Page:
Welcome back to my online diary documenting my very amateur experience training in Muay Thai. If you missed the previous entries on Bloody Elbow, read them here.
I've mentioned in this diary before that one area in need of improvement for me is balance. When throwing a series of kicks, I tend to lose my center and get my feet out of position. I've never thought of myself as a particularly athletic guy, and this is where that sort of shortcoming comes in. So, it should come as no surprise that throwing kicks from southpaw stance is not an easy task for me. But it's something I am focusing on, and worked hard at this week.
Watching fights, I have a lot of appreciation for fighters who are able to switch stances easily. Some are stiff on the switch, and some switch too much, but those that really flow nicely between orthodox and southpaw can be very effective. Carlos Condit and Dominick Cruz are both good examples of this in MMA. But making that smooth transition is hard, as I am learning.
When in southpaw, my body just doesn't respond quite right. Putting together combos feels off, the hands don't naturally go where they are supposed to, and finding both my balance and rhythm on kicks can be difficult. But I think it's a needed skill. Variety of attack is key, and right now, that's not something I have. When I spar at the moment, I have the feeling that I must be set in my perfect position before I can throw. However, that leads to me freezing up. And I know I'm not always going to be able to throw from the perfect position. What I need is to be more comfortable and ready to attack or defend from different positions, and for now, that starts with southpaw stance.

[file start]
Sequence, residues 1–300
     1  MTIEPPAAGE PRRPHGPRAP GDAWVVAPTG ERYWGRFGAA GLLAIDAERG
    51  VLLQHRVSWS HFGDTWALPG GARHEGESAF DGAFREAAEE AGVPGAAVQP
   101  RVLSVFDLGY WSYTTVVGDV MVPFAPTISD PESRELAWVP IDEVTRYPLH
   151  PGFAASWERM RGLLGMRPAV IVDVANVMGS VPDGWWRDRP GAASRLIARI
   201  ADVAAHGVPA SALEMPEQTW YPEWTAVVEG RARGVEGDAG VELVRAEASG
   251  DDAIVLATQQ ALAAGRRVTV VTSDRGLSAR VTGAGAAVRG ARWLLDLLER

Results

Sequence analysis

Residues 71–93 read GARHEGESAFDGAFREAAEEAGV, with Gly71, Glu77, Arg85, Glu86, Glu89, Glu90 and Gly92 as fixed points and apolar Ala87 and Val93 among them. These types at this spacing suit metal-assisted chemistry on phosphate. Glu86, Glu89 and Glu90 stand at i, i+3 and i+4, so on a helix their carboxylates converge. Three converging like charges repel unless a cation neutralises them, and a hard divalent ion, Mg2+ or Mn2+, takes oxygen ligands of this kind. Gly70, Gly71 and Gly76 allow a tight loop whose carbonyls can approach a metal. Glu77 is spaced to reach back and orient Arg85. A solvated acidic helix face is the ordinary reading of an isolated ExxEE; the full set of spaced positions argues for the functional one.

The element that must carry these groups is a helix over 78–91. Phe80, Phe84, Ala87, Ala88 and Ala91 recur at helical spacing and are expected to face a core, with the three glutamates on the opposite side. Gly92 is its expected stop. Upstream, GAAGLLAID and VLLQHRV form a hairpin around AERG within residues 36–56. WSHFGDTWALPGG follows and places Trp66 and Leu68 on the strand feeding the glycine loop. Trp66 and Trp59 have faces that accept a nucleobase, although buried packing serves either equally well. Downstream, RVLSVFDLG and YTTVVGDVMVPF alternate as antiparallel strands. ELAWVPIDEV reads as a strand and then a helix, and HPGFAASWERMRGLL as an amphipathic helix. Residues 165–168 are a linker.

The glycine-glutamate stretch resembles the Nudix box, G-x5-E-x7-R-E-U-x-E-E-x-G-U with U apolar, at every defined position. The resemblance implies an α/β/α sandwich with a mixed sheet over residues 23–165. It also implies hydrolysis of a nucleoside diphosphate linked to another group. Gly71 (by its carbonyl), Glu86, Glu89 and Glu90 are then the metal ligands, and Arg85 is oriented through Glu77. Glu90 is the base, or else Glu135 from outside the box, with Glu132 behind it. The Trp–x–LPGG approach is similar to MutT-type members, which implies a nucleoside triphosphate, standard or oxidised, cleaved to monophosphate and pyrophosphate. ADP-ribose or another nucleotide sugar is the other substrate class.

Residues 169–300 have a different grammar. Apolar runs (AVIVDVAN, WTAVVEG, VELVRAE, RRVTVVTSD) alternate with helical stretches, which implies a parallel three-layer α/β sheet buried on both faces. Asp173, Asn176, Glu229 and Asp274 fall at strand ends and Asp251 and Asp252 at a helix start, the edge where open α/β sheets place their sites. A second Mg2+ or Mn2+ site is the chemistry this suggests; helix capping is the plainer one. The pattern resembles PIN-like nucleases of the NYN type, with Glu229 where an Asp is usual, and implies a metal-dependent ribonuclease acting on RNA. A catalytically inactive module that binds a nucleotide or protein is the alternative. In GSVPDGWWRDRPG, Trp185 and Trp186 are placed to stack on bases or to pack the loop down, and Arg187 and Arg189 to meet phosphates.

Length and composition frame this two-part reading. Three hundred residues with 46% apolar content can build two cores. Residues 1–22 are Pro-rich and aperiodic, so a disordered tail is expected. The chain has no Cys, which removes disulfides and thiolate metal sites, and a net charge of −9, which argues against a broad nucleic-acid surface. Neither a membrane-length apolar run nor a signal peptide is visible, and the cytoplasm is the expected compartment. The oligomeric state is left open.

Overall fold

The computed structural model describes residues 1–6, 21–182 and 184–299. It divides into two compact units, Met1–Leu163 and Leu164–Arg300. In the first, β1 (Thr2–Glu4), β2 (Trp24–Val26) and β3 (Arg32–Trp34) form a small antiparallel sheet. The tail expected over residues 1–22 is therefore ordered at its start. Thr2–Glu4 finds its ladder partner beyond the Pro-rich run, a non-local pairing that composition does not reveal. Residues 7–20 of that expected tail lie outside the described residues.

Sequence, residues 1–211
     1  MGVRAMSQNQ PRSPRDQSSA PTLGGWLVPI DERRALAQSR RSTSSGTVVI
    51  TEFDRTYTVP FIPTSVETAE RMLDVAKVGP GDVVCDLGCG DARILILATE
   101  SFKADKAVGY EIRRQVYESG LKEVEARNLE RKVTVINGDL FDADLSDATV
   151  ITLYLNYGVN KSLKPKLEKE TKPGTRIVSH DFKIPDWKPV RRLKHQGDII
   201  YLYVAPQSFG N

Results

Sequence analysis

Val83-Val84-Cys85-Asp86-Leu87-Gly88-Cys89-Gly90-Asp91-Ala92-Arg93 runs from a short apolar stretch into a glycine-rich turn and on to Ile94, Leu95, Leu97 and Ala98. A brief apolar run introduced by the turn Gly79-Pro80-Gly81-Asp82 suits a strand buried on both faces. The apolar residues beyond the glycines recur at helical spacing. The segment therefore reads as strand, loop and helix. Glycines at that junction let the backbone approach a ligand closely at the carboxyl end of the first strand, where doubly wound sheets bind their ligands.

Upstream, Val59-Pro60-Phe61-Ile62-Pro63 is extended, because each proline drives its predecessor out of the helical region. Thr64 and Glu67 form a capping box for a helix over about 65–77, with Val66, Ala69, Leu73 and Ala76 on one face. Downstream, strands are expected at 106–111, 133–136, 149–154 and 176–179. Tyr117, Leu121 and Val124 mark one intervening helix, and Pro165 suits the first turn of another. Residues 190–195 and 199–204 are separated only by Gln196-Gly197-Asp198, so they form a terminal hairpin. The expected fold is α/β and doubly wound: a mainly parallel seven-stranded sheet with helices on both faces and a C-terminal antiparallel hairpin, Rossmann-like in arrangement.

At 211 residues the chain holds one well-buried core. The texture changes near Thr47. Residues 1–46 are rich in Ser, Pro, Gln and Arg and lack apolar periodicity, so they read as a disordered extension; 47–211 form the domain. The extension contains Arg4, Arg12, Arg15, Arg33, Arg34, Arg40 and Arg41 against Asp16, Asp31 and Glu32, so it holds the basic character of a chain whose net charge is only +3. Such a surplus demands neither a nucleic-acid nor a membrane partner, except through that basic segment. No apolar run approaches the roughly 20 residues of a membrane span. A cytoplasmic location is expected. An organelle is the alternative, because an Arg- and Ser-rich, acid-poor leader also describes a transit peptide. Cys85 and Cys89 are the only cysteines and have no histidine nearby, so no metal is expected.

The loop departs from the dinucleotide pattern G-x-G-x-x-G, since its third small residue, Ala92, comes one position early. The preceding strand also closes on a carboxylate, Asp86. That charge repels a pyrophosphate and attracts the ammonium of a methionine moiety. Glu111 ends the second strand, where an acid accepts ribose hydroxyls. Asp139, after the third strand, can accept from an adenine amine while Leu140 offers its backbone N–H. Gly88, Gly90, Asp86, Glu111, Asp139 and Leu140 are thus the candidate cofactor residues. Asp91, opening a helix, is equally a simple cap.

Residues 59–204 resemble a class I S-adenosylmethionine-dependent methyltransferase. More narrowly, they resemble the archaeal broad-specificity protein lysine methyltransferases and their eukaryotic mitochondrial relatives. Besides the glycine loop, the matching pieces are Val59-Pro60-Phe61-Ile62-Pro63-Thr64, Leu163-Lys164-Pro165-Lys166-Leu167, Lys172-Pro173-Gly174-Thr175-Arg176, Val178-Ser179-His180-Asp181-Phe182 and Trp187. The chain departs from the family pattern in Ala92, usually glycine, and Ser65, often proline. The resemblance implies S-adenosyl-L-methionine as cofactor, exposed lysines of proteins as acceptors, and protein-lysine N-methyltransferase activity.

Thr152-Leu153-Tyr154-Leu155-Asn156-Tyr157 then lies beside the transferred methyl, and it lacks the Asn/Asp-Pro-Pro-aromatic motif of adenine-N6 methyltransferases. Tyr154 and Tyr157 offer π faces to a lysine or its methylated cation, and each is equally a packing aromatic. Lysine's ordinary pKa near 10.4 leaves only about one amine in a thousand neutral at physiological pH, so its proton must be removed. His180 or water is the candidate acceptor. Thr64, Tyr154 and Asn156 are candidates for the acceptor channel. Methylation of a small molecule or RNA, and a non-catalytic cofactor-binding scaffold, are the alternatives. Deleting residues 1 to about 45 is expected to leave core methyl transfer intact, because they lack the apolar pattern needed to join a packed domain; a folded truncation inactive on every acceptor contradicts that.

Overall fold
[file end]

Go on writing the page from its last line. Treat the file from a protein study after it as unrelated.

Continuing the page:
So how to do it? The obvious answer - practice, practice, practice. When working the bag, I'm trying things in both stances, working to get those opposite movements into my body. One other thing that really worked for me this week - for pad work my partner is himself a southpaw. So when holding pads for him, I kept myself in southpaw stance. And I have to say, it worked quite well. On a practical level, it kept my feet clear of his as he came in. But it also helped me get more comfortable with my body in that position, while at the same time helping me to more clearly see how he fought from that stance.
Now it's possible that this is not something to focus on at the moment - that I'm getting ahead of myself. But as I work on my balance and my ability to string combos together, it's helping me loosen up and feel more set in my stance - no matter how I am positioned. And that is clearly a good thing.
Question for the week: In your opinion, how important is the ability to switch stances and attack/defend comfortably from both sides?